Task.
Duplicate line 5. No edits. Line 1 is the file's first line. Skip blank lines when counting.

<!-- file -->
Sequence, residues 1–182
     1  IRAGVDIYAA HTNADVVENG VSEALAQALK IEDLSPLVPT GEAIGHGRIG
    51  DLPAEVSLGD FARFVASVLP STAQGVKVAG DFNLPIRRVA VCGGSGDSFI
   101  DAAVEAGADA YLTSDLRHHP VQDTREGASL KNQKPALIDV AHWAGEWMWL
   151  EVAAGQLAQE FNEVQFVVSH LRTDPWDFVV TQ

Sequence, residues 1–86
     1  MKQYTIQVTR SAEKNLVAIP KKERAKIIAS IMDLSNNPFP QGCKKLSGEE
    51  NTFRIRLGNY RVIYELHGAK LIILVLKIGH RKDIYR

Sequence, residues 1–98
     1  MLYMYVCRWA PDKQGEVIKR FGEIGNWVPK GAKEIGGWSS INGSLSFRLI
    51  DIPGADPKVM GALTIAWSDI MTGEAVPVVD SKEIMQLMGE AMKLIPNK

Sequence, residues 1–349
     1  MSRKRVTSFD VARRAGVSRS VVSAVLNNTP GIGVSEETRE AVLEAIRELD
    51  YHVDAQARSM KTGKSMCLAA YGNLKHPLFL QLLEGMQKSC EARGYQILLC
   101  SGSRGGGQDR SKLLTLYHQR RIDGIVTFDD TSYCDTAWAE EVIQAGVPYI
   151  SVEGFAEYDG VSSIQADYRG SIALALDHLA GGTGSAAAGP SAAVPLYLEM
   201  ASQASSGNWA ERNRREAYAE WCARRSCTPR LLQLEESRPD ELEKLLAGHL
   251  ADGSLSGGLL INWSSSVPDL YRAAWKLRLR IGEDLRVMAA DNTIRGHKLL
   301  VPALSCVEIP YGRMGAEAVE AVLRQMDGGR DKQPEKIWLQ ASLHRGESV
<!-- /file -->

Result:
   151  EVAAGQLAQE FNEVQFVVSH LRTDPWDFVV TQ